vision persuasively to Loudoun County officials as the plan evolved. The Masters emphasized that the club’s record as a good civic neighbor and the positive relationships they have fostered with surrounding landowners proved invaluable.
BY MARTHA DRUM providing a kennel tour last
THE FLOOR PLAN FLOWS NICELY
is one of the oldest organized
from the 1920s and had been
March, the Masters expressed
The new complex’s clean outline
hunt clubs in the United States.
derelict for a period while
their gratitude to every donor.
stands neatly atop a small hill
When the decision was made
hounds were kenneled else-
“We had one hundred percent
above the stables. Entering
to build new kennels, tradi-
where. The yards rolled steeply
participation from the board,”
through the front courtyard, the
tional wisdom combined with
down to a low-lying field, and
notes Ryan, “and excellent con-
immediate impression is bright,
contemporary execution to
despite staff ’s best efforts,
tributions from the subscrib-
clean, elegant — and quiet.
create a hound haven.
aging fences encouraged what
ers.” This enabled Piedmont to
Hicks, a South Carolina native,
Huntsman Jordan Hicks calls
realize a beautiful and useful
nods and gestures toward re-
in Upperville, Va., has helped
“jailbreaks.” By 2014, Joint
building. They were also deter-
laxed, lounging hounds, “They’re
define the storied horse coun-
Masters Shelby Bonnie, Tad
mined to make it durable. “We
happy, they’re not fussing, we
try of Loudoun and Fauquier
Zimmerman, and Gregg Ryan
love these kennels,” says Zim-
can all hear each other talking,
counties. Prominent sporting
recognized that the old kennels
merman, standing in front of
and they can hear me.”
institutions, including the Up-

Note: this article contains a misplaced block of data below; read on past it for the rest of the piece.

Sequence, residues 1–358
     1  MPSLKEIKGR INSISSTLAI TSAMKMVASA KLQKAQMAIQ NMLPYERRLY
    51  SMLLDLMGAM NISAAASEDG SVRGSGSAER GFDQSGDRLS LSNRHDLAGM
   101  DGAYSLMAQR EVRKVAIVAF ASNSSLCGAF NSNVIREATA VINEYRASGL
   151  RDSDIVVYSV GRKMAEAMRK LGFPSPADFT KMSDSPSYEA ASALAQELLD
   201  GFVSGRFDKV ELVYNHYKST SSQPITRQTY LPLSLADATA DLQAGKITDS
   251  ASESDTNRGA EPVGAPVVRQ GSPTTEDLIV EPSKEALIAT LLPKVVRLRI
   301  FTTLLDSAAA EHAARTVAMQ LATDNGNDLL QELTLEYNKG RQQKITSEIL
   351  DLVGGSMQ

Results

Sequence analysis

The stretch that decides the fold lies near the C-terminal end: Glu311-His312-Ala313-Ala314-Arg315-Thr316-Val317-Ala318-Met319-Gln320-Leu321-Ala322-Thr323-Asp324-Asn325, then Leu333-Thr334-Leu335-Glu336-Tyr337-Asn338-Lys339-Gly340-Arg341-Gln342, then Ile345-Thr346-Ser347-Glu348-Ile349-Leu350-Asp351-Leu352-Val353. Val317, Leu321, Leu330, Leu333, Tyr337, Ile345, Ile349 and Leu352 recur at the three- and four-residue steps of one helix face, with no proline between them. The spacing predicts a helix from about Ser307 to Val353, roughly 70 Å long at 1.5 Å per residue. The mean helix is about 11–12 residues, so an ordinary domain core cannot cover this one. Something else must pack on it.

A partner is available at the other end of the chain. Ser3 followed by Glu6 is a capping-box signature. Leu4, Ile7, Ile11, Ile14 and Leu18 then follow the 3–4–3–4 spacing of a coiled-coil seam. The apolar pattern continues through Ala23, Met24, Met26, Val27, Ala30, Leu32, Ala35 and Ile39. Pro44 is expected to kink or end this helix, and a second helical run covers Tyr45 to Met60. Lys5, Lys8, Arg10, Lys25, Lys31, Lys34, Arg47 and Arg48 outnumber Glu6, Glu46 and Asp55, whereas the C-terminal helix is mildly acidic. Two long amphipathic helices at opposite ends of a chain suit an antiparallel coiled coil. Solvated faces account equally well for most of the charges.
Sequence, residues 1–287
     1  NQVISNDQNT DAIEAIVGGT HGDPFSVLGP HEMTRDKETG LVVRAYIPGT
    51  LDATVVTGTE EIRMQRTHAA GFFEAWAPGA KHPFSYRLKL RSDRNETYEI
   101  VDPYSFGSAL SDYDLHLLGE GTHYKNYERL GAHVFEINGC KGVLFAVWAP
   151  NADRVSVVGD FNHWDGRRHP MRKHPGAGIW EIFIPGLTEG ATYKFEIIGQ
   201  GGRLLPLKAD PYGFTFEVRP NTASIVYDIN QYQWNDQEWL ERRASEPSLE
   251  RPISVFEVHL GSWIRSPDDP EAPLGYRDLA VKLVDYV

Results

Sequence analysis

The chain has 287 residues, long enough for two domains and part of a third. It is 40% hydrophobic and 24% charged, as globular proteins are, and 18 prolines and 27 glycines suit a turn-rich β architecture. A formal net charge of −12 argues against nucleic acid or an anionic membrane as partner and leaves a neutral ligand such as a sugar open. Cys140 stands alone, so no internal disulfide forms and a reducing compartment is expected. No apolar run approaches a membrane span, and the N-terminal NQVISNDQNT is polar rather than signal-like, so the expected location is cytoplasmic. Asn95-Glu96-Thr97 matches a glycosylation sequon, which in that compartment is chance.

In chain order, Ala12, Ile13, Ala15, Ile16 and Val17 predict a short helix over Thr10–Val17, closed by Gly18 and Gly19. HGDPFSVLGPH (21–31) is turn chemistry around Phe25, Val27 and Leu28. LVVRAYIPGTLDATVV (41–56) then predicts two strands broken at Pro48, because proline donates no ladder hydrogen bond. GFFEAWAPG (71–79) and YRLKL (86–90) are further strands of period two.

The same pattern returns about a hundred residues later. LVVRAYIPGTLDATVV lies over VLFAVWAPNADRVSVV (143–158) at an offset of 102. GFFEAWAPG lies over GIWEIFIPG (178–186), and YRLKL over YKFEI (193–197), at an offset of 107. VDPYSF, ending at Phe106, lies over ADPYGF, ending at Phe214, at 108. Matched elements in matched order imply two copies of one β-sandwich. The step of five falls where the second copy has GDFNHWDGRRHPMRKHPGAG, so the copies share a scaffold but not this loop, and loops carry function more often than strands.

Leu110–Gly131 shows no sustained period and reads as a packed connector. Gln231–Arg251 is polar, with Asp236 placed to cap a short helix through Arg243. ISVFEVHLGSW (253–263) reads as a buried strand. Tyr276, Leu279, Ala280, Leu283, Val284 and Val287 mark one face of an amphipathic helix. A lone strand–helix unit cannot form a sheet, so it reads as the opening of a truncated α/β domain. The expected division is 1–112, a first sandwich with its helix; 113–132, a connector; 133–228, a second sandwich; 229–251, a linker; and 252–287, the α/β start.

could no longer continue in ser-
the new building, “but we don’t
perville Colt and Horse Show,
vice. With the support of Pied-
want to do this again.”
the Mrs. Theodora A. Randolph
mont’s board of directors, the
The broader foxhunting
tect Leah C. Palmer, an active
Memorial North American Field
decision was made to construct
fraternity offered advice and
foxhunter. She shares that she
Hunter Championships, and the
an entirely new facility.
wisdom. Huntsmen such as
grew up enjoying all aspects of
Andrew Barclay and Masters
sporting life — “riding, hunt-
FOUNDED IN 1840, Piedmont
Piedmont Fox Hounds, based
The kennels, however, dated
Piedmont Point-to-Point Races
Piedmont benefited from a valuable resource in archi-
are closely tied to the hunt and
Glenn Epstein, Dennis Foster,
ing, and cleaning kennels, so I
its founders and Masters. In
Once this commitment was
Tony Leahy, and Marty and
knew how important creating a
the field, from the nineteenth
announced, the club commu-
Daphne Wood, among others,
workable space would be!” Her
century to the present, Pied-
nity rallied in support — includ-
offered insight. Orange County
experience contributed to the
mont’s well-regarded pack has
ing the means to complete
Hounds (Va.), Green Spring Val-
spacious and functional floor
provided terrific sport across
the project without drawing
ley Hounds (Md.), Blue Ridge
plan. The welcoming courtyard,
on operating expenses. While
Hunt (Va.) and Elkridge-Harford
oriented to collect heat in the
10 | COVERTSIDE
THE LEADER IN EQUESTRIAN SAFETY Whether you choose the Hampton, H2000 or the Wellington Classic, you can be confident in Charles Owen. Made in Britain to the newest standards of equestrian safety. BY APPOINTMENT TO HER MAJESTY THE QUEEN PROTECTIVE HEADWEAR MANUFACTURERS WREXHAM Kitemarked to PAS015:2011